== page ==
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The fast-changing nature of today’s data privacy regulatory landscape, as well as variation between current laws, presents a major challenge for enterprises. Software solutions help, but the additional manual processes associated with data privacy compliance can still be expensive and time-consuming for businesses. A report from DataGrail estimates that managing data subject access requests (DSAR) manually can cost upwards of $240,000 per million records.

On Wednesday, cybersecurity company Imperva announced a tool based on its Sonar Platform technology that’s aimed at helping enterprises better navigate privacy compliance. Called Imperva Data Privacy, the release streamlines the process of identifying where personal data is stored in an environment and who is accessing it, minimizing the manual processes required to maintain continuous compliance.

“Discovery, figuring out how and where the data is, has traditionally been done by spreadsheets and interviewing data custodians or data owners,” David Valovcin, senior director of privacy at Imperva, told VentureBeat. “It’s very manual. And it’s inaccurate because it’s relying on human memory. What this does is automate that process.”

Imperva Data Privacy works with any on-prem, cloud, hybrid, or multicloud environment, and existing customers can run the tool on top of the Sonar Platform. It also automatically adjusts for any new or expanded regulations.


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Changing landscape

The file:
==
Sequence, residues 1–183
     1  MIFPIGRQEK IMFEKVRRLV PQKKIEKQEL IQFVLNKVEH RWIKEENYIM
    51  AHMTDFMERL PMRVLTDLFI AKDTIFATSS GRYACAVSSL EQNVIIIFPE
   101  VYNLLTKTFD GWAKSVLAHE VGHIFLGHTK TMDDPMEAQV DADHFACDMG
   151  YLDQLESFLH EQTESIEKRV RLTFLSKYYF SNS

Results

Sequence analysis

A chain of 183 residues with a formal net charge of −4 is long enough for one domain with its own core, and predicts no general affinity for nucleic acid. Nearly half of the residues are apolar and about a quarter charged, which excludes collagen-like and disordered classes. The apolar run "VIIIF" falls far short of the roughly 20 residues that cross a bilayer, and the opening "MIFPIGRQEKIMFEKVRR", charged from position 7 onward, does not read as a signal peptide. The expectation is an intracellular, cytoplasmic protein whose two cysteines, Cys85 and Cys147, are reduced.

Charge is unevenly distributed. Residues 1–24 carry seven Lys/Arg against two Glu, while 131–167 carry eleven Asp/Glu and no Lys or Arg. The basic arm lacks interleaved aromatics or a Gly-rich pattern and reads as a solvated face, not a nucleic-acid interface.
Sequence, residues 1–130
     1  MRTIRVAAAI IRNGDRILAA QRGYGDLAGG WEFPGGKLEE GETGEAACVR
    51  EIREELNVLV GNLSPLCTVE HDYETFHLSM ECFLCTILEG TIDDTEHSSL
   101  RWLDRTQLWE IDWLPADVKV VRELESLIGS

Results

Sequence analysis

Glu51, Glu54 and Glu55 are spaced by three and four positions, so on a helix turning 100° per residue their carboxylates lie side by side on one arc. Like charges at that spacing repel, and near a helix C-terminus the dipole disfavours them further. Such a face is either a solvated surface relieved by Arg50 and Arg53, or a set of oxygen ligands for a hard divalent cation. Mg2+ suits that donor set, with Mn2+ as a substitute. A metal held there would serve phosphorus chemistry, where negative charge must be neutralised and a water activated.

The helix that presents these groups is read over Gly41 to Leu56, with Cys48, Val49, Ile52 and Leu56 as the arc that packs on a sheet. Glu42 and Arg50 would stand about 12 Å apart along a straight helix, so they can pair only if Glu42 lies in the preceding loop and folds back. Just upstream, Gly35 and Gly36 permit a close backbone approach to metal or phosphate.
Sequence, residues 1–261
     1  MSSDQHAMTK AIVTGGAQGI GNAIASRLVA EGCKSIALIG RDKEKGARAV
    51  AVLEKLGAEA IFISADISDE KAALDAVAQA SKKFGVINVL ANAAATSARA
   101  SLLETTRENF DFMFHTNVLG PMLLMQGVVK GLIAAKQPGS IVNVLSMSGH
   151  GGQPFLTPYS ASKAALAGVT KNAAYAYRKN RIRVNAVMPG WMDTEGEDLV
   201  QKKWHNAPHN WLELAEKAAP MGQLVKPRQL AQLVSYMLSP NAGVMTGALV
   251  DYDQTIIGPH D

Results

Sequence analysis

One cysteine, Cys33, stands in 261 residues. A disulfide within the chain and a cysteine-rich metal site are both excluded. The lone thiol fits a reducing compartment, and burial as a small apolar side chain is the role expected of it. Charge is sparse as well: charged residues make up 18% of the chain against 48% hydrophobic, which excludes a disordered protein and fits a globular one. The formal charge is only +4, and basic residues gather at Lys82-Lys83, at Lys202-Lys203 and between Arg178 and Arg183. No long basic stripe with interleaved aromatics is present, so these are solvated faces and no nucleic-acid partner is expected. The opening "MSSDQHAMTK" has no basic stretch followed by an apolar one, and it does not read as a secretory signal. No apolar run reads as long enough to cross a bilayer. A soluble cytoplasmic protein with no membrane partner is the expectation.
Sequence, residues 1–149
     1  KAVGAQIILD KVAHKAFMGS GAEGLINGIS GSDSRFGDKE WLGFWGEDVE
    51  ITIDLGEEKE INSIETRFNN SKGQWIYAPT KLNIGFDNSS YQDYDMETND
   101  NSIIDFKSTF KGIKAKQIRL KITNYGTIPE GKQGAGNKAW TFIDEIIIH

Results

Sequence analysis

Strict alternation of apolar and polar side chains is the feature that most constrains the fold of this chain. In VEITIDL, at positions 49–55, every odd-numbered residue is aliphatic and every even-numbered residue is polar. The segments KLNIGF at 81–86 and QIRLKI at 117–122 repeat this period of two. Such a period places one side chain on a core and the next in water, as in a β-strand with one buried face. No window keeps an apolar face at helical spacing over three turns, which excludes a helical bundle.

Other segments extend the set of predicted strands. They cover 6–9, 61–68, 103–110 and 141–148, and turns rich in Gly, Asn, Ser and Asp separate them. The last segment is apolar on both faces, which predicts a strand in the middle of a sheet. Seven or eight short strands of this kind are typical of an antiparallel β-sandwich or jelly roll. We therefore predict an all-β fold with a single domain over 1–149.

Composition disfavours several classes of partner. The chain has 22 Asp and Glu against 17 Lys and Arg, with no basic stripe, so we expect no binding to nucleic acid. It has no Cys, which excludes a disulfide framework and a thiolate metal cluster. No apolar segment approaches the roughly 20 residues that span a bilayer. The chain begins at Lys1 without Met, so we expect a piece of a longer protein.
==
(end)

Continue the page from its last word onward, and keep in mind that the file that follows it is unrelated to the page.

Current mandates include consumers having the right to know what data a company has about them, the right to rectify errors, the right to port personal data, and the right to be forgotten. The California Consumer Privacy Act (CCPA) mandates compliance from any organization that processes data on California residents, affecting most companies. The General Data Protection Regulation (GDPR) offers similar protections in Europe. Overall, more than 107 countries have data privacy and protection laws, with more likely on the way, including in several U.S. states.

“Organizations are scrambling to figure out how to do this because the laws have been passed, they’re changing, and the definition of personally identifiable information is changing as well,” Valovcin said. “Originally, of course, that was social security number, but now it’s expanded to include tracking religion, political affiliation, and even IP address.”

As the mandate for data compliance continues to grow, so does the need for advanced security solutions. In fact, 2020 was “perhaps the most active year in memory” for cyberattacks, according to a report from cybersecurity company CrowdStrike, which also found that malicious actors increasingly turned to data extortion in their attacks against enterprises. Data protection specialist Acronis warned that “2021 will be the year of extortion.” And Imperva researchers have already found that data leakage attacks are up 74% since the beginning of the year.

The fact that exposures are so common has people wary. In a 2020 survey of 10,0000 adults, around two-thirds said they’re more alarmed about their online privacy than ever before. Among the respondents, almost half said their top concern is their personal information being exposed and compromised by cybercriminals in a data breach.

“It’s going to be a growing problem for all organizations watching data,” Valovcin said. “I think we’re seeing a global trend here in acknowledging that consumers have the rights to their data and need to know how the data is being used.”

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